Join 3,441 readers in helping fund MetaFilter (Hide)

8 posts tagged with History by lagado.
Displaying 1 through 8 of 8.

Related tags:
+ (271)
+ (251)
+ (175)
+ (174)
+ (170)
+ (163)
+ (152)
+ (131)
+ (124)
+ (124)
+ (116)
+ (116)
+ (99)
+ (91)
+ (90)
+ (89)
+ (87)
+ (86)
+ (85)
+ (81)
+ (80)
+ (69)
+ (66)
+ (65)
+ (64)
+ (64)
+ (63)
+ (63)
+ (62)
+ (61)
+ (61)
+ (60)
+ (60)
+ (60)
+ (58)
+ (57)
+ (57)
+ (56)
+ (56)
+ (55)
+ (55)
+ (55)
+ (54)
+ (53)
+ (51)
+ (51)
+ (50)
+ (49)
+ (49)
+ (48)
+ (47)
+ (46)
+ (46)
+ (46)
+ (44)
+ (43)
+ (43)
+ (43)
+ (43)
+ (42)


Users that often use this tag:
zarq (115)
Miko (107)
homunculus (103)
Kattullus (99)
The Whelk (85)
plep (65)
anastasiav (53)
netbros (45)
nickyskye (43)
matteo (43)
Rumple (40)
infini (40)
carter (38)
Iridic (36)
brundlefly (34)
y2karl (33)
madamjujujive (32)
amyms (32)
MartinWisse (32)
filthy light thief (31)
Artw (29)
tellurian (28)
hama7 (27)
mediareport (26)
Chinese Jet Pilot (26)
marxchivist (25)
Trurl (24)
Abiezer (23)
taz (21)
nthdegx (21)
languagehat (21)
stbalbach (21)
kliuless (19)
Rhaomi (18)
caddis (18)
dhruva (18)
Mitheral (18)
Horace Rumpole (17)
loquacious (16)
jonson (16)
gman (15)
flapjax at midnite (14)
LarryC (14)
latkes (14)
Bora Horza Gobuchul (13)
unliteral (12)
reenum (12)
Blasdelb (12)
Joe Beese (12)
timshel (11)
Brandon Blatcher (11)
Ufez Jones (11)
Effigy2000 (11)
dersins (10)
OmieWise (10)
amberglow (10)
monju_bosatsu (10)
semmi (10)
absalom (9)
dng (9)

Those French have been at it for a very long time.

Those French have been at it for a very long time.
posted by lagado on Jul 5, 2001 - 9 comments

Ho Hum,

Ho Hum, just the remains of another four thousand year old city discovered on the ocean floor. This one is Harrapan of the Indus Valley which was home to the largest of the four ancient urban civilizations of Egypt, Mesopotamia, India and China. The ruins extend for 9 kilometers and located around 40 metres below the water surface. "Due to geological processes and tectonic events, the entire [Gulf of] Cambay was faulted — taking down with it the then existing part of the river sections and the metropolis"
posted by lagado on Jul 2, 2001 - 3 comments

Not merely content to invent the future, Japan is also hard at work inventing the past.
posted by lagado on May 9, 2001 - 25 comments

Machu Picchu, the ancient Inca citadel perched 8,366 feet high in the Peruvian Andes, might collapse at any time.
posted by lagado on Mar 11, 2001 - 5 comments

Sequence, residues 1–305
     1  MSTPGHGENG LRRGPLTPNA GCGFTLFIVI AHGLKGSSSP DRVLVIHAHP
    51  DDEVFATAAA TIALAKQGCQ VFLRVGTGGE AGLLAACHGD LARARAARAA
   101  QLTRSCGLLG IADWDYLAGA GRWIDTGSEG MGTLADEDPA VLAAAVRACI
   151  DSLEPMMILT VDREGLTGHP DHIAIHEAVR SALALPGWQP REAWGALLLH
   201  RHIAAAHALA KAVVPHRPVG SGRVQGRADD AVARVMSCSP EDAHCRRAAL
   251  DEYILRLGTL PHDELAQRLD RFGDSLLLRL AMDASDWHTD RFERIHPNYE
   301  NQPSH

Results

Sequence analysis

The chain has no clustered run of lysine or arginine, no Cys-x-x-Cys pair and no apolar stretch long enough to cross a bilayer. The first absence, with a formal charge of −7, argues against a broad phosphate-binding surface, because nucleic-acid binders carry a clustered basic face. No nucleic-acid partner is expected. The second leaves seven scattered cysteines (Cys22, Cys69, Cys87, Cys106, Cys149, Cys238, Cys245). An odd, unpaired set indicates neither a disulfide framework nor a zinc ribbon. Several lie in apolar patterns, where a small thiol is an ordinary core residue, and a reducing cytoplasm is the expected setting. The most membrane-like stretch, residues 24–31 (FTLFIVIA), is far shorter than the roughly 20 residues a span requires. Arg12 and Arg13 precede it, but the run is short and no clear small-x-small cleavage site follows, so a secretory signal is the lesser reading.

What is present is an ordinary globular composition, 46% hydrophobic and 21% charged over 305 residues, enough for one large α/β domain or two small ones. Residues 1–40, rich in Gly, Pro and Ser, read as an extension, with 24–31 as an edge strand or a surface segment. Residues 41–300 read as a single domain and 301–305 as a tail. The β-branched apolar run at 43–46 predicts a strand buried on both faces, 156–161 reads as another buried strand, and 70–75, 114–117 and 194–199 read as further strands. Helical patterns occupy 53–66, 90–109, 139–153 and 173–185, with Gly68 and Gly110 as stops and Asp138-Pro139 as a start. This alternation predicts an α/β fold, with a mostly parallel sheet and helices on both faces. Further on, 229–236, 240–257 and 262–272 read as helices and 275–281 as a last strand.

"...all great [historical figures] appear, so to speak, twice...the first time as tragedy, the second time as farce."
-- Karl Marx from The Eighteenth Brumaire of Louis Napoleon

The Marx & Engels Internet Archive for all your smart-arsed pseudo-intellectual quoting requirements.
posted by lagado on Jan 27, 2001 - 10 comments

In 1545 and 1576, plagues swept across the Yucatan peninsual in Mexico and killed 17 million people, including 80 percent of the native Indians. The traditional view is that American Indians succumbed to European diseases to which they had no natural resistance. A new and subtle theory says that the plagues were not imported but were in fact of local origin. It doesn't let the Europeans off the hook though.
posted by lagado on Dec 29, 2000 - 2 comments

The Great Pyramids at Giza have never been accurately dated.

The Great Pyramids at Giza have never been accurately dated.
Conventional Egyptian chronologies are only accurate to within 100 years. Using a neat trick, scientists have been able to pin that date down to within a few years. When they were built, the pyramids where aligned northwards by using two stars as a guides. Over time, these stars have moved because the Earth's rotational axis "wobbles" slightly over a 26,000 year period. The orientations of the pyramids reflect this, the older pyramids are oriented slightly to the north east and the younger ones are oriented slightly to the north west. This information has been used to pin down their exact ages.
posted by lagado on Nov 15, 2000 - 2 comments

The Hereford Mappa Mundi (Map the World) is a remarkably beautiful and rare glimpse into the medieval view the world. It is the largest map its kind (54 x 64 inches) to have survived and dates from around 1295. It still resides at Hereford Cathedral in England just as it has done for the last 700 years.

The map depicts the world as a flat disk with east at the top. It shows all the features the then known world including Africa, India and China. Paradise is depicted somewhere east India. The Holy Land and its important sites expand to fill the middle the map. Jerusalem is placed at the centre the world.

It is a work of cosmology as much as a cartography. That is, it seeks to explain the world as well as merely depict its features. This was a time when the population was uneducated and provincial. In the Hereford map, people could revel in this vision of the outside world, which taught natural history, classical legends, explained the winds and reinforced their religious beliefs.

Here is a simplified sketch which makes the details and country names easier to identify. Here is the original and a very good written description.
posted by lagado on Oct 30, 2000 - 10 comments

Page: 1